Forget The Why And How Of Shourie’s Speech And Focus On The What

Forget The Why And How Of Shourie’s Speech And Focus On The What

There are always two parts to Arun Shourie’s speeches – what he says and how he says it. Often the `how’ grabs attention, while the `what’ is not given any thought.

If anyone wanted to see how a man called Narendra Modi could completely reverse the fan following of the country’s leading right-wing intellectual Arun Shourie, one only had to be at the launch of T. N. Ninan’s book, The Turn of the Tortoise, in Delhi on Monday.

As Shourie lit into the Narendra Modi government in his inimitable style of public speaking, the assembled Intellectual Class of Delhi was in splits, lapping up every word and frequently applauding the man whom they once reviled as a Hindutva Hardliner and whose books, The World ofFatwas(on the issue of fatwas by Muslim religious leaders) and Worshipping False Gods (on B. R. Ambedkar), were met with the kind of righteous indignation that only India’s secular brigade is capable of summoning.

This reversal isn’t new. L. K. Advani got a whole new band of admirers when it became obvious that he was not in favour of Modi becoming prime minister and even more when he was completely sidelined. Suddenly the Hated Hawk, who supposedly had blood on his hands because his rath yatra for the Ram Janmabhoomi movement in the late 1980s was followed by a trail of riots, became a Pitiable Dove.

But lost in the applause after Shourie finished his initial remarks and walked back to his seat was an aside by television journalist Sreenivasan Jain who was moderating the discussion: `wooh, this is what you get when you keep Arun Shourie out of your cabinet.’

Was Shourie speaking out of pique? An unqualified yes, would be the answer from many former admirers who are also Modi’s, fans and cannot get over the fact that their intellectual icon is attacking their political icon.

But there are always two parts to Shourie’s speeches – what he says and how he says it. Often it is the `how’ that grabs attention and is slammed or applauded, depending on who or what the object of his acerbic wit is. It is the `how’ that prompts questions about motives. But when it comes to the `what’, there is no denying that Shourie was right on many counts, never mind why he said it.

Shourie was on weak ground on two occasions. At one point he said people are now remembering doctor-saheb (pointing to former Prime Minister Manmohan Singh who was sitting in the audience) and saying aur kuch nahin to sayana to tha (if nothing else, at least he was wise). But this was the same Singh whom Shourie had dismissed as `eminent careerist’ in the course of a television interview in the dying days of the United Progressive Alliance government (when the interviewer had referred to Singh and Montek Singh Ahluwalia as eminent economists).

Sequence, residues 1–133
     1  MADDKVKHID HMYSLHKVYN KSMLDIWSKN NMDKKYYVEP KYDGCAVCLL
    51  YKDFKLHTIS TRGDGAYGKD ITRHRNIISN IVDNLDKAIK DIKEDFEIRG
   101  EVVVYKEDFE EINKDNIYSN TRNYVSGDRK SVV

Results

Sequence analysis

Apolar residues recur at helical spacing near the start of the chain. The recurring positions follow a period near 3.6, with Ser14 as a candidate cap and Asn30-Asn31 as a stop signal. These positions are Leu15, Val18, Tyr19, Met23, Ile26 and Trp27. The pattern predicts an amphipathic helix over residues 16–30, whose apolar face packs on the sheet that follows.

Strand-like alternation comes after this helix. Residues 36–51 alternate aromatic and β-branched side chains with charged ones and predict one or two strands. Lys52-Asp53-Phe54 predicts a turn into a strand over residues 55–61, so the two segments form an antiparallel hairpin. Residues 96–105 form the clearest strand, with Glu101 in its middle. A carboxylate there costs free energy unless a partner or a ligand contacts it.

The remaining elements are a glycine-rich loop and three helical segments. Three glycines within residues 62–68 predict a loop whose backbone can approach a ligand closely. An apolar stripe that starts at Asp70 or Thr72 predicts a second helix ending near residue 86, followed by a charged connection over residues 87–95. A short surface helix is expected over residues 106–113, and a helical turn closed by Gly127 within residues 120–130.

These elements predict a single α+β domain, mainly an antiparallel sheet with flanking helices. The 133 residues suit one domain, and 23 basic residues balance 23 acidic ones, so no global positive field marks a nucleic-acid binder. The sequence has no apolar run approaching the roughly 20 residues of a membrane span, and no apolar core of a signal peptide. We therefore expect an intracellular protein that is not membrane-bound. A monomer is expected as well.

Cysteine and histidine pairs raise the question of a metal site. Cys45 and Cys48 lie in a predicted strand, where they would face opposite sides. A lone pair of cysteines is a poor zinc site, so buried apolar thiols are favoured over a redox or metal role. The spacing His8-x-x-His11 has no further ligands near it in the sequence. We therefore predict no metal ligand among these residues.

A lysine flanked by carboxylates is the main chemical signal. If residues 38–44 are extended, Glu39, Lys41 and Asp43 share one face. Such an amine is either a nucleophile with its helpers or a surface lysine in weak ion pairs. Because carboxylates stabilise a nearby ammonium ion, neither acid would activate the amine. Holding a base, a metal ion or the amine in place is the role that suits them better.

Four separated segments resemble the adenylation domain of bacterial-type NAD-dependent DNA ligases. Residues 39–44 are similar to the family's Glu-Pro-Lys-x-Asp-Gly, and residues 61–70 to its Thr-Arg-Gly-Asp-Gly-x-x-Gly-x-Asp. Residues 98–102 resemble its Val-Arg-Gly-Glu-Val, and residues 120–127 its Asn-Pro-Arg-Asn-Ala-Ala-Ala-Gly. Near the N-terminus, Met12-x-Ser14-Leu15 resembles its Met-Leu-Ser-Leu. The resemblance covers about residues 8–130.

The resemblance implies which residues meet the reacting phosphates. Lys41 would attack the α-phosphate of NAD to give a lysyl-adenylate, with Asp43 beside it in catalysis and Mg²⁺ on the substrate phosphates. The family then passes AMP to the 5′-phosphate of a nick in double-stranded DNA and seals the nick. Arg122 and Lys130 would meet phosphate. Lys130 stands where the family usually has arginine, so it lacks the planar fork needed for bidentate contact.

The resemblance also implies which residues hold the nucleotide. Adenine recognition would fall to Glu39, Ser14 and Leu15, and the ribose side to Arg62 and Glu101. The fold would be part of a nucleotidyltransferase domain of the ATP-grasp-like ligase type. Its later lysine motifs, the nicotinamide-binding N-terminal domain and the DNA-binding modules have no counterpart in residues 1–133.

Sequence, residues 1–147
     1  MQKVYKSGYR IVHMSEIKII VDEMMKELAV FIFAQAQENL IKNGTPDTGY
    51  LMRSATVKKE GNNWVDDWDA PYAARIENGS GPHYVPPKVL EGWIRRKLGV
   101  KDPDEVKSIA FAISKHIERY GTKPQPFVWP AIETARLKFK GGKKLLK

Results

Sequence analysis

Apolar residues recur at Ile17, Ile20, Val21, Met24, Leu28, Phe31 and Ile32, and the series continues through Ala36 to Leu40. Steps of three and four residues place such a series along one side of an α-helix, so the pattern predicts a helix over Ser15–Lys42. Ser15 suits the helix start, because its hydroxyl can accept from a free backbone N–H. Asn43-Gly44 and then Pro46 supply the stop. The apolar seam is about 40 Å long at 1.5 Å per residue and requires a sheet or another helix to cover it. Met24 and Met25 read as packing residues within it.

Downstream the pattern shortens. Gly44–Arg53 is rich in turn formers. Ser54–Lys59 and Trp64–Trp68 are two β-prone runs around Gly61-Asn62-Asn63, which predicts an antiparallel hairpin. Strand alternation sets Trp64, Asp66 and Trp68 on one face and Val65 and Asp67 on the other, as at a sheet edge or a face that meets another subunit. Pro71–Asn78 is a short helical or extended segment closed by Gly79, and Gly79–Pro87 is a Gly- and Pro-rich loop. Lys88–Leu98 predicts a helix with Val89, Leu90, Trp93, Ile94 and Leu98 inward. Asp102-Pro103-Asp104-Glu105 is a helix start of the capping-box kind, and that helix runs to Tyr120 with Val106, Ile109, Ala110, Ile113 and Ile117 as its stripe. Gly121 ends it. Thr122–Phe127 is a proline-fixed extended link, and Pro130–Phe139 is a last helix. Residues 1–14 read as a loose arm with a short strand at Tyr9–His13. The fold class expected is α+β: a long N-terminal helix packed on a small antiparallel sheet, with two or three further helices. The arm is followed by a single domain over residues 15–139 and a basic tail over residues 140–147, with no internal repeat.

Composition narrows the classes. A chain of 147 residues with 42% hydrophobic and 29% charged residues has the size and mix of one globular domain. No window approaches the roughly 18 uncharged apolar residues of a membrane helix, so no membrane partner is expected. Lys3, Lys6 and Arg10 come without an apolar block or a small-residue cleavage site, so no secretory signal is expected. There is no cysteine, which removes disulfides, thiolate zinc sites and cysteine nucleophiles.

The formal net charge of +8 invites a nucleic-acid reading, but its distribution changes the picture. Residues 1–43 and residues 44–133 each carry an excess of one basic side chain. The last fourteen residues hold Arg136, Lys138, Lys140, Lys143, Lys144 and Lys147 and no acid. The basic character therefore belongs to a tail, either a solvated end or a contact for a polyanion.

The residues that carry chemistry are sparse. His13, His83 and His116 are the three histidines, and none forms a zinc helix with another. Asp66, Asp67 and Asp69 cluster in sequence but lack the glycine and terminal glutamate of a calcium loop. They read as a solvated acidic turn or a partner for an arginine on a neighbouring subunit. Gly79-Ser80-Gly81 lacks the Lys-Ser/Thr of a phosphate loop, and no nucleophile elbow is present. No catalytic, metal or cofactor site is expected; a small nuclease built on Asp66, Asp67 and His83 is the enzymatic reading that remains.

Shourie was right that businessmen complained bitterly in private about the Modi government even as they publicly gave it 9 marks out of 10 for performance. But this is not a post-May 2014 phenomenon. Businessmen have the same publicly-servile-privately-grousing approach with every government.

There was little mention during the panel discussion of the fact that not only is the fiscal deficit coming under control, the quality is also improving with the share of capital expenditure getting higher; that the roads sector is seeing a lot of traction; that growth is picking up slowly. These are things happening beyond the managed headlines that Shourie spoke about.

But the fact that the government is doing some things right does not take away from the fact that there is little action on several other crucial fronts. This inaction could have consequences that could negate the other gains.

Can the Modi government’s ardent supporters deny that banking reform is proceeding very slowly? As Ninan (who can’t be said to be speaking out of pique) said when asked what is the one suggestion he would give the prime minister if he met him, the government needs to focus on setting the banking sector right.

The government has taken several steps to improve financial inclusion – Jan Dhan Yojana, payment banks, Mudra Bank – but the public sector banks, which account for over 70 per cent of the banking sector, are still nowhere close to autonomy, Indradhanush notwithstanding. Was Shourie wrong to flag this or point out that the government must ensure the independent directors on bank boards are truly independent?

Was Shourie wrong in pointing out that tax administration continues to be harassment-prone? Anyone who has dealt with the tax bureaucracy will testify that it continues to run riot, unchecked. Does reining it in require legislation? Can the Modi government deny the self-goal it scored on MAT?

Was Shourie also wrong in pointing out that the Modi government takes an aggressive position on controversial issues at first and then quickly backs down? That is what happened in the case of the land acquisition law and many commentators seen as pro-Modi have pointed to this folly.

Was Shourie wrong in pointing out that disinvestment is a sham since the Life Insurance Corporation is picking up the majority of the shares of the public sector companies that the government has put up for sale? Is this government’s disinvestment strategy any different from that of the UPA?

Question Shourie’s motives all you want, but there is no getting away from the fact that the Big Change that the Modi government held out hopes for has just not come. Let not Modi induct Shourie into his government if he doesn’t want. But go beyond the why and how of his words and focus on the what.

Seetha is a senior journalist and author
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